Cervical Cancer Screening

What is cervical cancer?

The cervix is the opening from the vagina into the uterus (womb). Cervical cancer happens when cancer cells develop in the cervix. Most cervical cancer can be prevented if the cells in the cervix are checked on a regular basis to see if they are starting to change.

What causes cervical cancer?

A virus called the human papillomavirus (HPV) is the cause of almost all cases of cervical cancer. HPV is a very common virus. About 8 out of every 10 women get HPV at some point in their life through sexual contact. There are more than 100 types of HPV. Many do not cause any health problems, but a few cause genital warts. Another few types of HPV are high-risk types that can cause abnormal cells to grow, which sometimes turn into cancer cells.

Many times HPV will go away on its own within 2 years after it first appears. In about 1 to 2 out of every 10 women, HPV will stay in the cells of the cervix. These are the women who have a chance of having abnormal cells turn into cervical cancer. We do not know why some women keep HPV while others do not.

What tests are used to check for cervical cancer?

There are 2 tests that check for cervical cancer:

Pap Test: Cervical cells are examined under a microscope to look for changes in the cells that are abnormal or cancerous.

HPV Testing: Cells from the cervix are examined for high-risk types of HPV. The test can be done by itself or using the cells collected for a Pap test.

How are tests for cervical cancer done?

Cervical cancer screening is simple and easy. You will put your legs in stirrups, and a speculum will be placed in your vagina so the cervix can be seen. A small brush is used to take a sample of your cervical cells, which are sent to a lab for testing.

How often should I be checked for cervical cancer?

  • Women who are 21 to 29 years old should have a Pap test every 3 years.
  • Women who are 30 to 65 years old should have a Pap test every 3 years or a Pap test with HPV test (co-testing) every 5 years.

If you have a history of an abnormal Pap test, you may need testing more often and should talk to your health care provider about when to have these tests.

When do I need to start being checked for cervical cancer?

You should start being checked for cervical cancer when you are 21 years old. You are very unlikely to have cervical cancer before this even if you are having sex. Many women who are having sex get HPV when they are young, but most of the time the virus will go away on its own and not cause any long-term problems.

When can I stop being checked for cervical cancer?

You can stop being checked for cervical cancer after you are 65 years old as long as you have had 3 negative Pap tests or 2 negative Pap and HPV tests in a row. If you have a hysterectomy and your cervix is removed, you may also stop being tested as long as your hysterectomy was not done because you had cervical cancer.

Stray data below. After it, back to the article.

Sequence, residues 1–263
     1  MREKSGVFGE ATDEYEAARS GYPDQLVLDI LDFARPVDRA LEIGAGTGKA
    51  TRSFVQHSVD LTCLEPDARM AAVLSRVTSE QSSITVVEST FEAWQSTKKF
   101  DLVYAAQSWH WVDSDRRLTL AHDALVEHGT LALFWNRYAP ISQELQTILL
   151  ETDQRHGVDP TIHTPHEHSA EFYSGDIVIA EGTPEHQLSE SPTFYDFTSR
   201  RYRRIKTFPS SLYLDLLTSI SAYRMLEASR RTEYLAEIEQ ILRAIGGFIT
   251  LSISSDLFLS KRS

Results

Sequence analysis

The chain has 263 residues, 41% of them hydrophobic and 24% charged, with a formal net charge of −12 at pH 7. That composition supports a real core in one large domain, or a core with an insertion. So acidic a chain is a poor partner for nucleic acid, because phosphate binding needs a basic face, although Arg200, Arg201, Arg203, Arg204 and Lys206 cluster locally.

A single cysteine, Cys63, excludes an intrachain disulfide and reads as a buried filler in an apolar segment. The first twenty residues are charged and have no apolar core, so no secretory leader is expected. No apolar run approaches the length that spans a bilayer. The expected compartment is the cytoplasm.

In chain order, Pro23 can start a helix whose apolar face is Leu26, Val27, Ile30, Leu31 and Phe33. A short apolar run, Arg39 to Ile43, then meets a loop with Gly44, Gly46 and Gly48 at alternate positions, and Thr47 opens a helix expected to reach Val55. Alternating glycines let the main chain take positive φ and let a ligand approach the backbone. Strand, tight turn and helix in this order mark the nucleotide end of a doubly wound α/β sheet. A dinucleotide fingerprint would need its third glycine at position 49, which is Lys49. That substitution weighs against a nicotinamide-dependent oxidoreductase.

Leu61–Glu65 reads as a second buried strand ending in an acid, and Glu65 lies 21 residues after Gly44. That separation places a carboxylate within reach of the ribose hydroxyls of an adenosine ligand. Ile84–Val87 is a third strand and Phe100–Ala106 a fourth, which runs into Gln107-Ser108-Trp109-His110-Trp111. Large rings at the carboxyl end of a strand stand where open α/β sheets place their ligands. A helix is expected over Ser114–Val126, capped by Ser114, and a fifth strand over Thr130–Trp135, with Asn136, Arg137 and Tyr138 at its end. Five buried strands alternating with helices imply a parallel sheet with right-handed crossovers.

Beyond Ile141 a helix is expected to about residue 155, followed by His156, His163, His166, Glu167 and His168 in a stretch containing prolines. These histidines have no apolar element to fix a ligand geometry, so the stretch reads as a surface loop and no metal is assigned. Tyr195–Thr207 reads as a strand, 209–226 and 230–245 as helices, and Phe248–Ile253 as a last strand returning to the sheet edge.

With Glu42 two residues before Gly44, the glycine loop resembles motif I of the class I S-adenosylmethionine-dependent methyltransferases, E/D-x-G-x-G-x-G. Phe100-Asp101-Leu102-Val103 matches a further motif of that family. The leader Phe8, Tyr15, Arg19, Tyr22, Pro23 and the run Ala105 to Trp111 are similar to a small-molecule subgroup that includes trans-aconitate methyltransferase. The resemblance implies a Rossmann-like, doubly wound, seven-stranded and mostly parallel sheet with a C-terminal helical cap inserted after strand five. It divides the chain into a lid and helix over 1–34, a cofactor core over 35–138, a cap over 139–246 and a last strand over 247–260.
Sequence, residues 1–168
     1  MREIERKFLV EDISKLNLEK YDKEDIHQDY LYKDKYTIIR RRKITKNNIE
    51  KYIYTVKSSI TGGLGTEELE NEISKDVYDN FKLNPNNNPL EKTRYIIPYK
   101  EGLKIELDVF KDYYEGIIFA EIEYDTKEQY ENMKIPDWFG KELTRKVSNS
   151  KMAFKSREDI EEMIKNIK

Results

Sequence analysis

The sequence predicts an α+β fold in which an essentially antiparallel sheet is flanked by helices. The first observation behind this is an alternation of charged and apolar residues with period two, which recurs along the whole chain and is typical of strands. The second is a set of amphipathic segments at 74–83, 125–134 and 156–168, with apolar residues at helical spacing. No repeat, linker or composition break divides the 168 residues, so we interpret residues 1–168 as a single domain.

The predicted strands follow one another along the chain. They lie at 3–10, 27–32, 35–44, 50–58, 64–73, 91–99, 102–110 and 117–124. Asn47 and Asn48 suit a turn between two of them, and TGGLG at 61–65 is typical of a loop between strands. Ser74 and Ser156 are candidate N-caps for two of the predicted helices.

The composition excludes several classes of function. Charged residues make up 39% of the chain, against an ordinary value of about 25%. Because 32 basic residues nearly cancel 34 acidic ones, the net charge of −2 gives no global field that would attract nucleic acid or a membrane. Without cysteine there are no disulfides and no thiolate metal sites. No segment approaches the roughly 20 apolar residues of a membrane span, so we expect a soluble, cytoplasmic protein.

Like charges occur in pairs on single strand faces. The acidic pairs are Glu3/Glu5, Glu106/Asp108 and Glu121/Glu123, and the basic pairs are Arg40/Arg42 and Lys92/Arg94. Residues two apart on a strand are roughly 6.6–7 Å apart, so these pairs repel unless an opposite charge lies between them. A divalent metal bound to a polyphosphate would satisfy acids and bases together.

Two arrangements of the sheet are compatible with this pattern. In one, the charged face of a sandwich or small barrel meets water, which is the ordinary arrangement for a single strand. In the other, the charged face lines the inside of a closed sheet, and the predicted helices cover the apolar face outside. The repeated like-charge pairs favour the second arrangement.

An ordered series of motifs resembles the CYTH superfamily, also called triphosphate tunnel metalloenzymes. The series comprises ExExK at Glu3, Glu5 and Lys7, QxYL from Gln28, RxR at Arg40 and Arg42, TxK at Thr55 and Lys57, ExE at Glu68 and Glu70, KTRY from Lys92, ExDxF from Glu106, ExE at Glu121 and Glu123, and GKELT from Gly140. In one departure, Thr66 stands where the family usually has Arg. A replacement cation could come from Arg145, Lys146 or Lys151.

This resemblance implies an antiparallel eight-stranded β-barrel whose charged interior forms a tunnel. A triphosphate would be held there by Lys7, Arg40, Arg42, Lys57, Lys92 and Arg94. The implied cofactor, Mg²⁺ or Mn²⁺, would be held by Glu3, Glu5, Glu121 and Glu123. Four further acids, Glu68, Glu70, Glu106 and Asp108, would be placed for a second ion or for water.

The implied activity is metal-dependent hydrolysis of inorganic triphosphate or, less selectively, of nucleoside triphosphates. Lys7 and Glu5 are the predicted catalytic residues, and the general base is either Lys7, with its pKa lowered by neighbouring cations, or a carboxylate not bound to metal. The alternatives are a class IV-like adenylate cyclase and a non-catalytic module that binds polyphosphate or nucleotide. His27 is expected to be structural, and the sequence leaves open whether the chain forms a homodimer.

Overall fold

What happens if my Pap test results are abnormal?

If your Pap test results are abnormal, you should talk with your health care provider about what type of follow-up testing you will need. You may need an HPV test or a repeat Pap test, or you may need to have an exam called a colposcopy. During a colposcopy, your clinician places a speculum in your vagina then uses a microscope-like device to take a closer look at your cervix. A biopsy (removal of a small piece of the abnormal tissue) may be taken and sent to the lab for further testing. Most abnormal Pap test results are from HPV infection and are not cancer. It is important to have follow-up testing to find out why your results were abnormal.

What can I do to decrease the chance I will get cervical cancer?

Abnormal cells in the cervix usually happen before cervical cancer occurs. You should be checked regularly to make sure these cells are not developing. Cervical cancer is caused by HPV. There are several things you can do to decrease your chance of HPV, which means you are less likely to have cervical cancer:

  • Get the HPV vaccine. The vaccine is very effective especially if you receive it before you start having sex. It is recommended for females and males 9 to 26 years old.
  • Avoid or limit sexual contact. HPV is sexually transmitted. The fewer sexual partners you have, the lower your risk of getting HPV will be. The only way to completely prevent HPV is by not having sex or having sex with only one person who has not had sex with anyone else.
  • Use condoms. Condoms don’t completely protect against HPV, but they do lower the chance you will get it. They also protect against other sexually transmitted infections, including HIV and herpes.
  • Stop smoking. If you smoke cigarettes, you are 4 times more likely to have cervical cancer.

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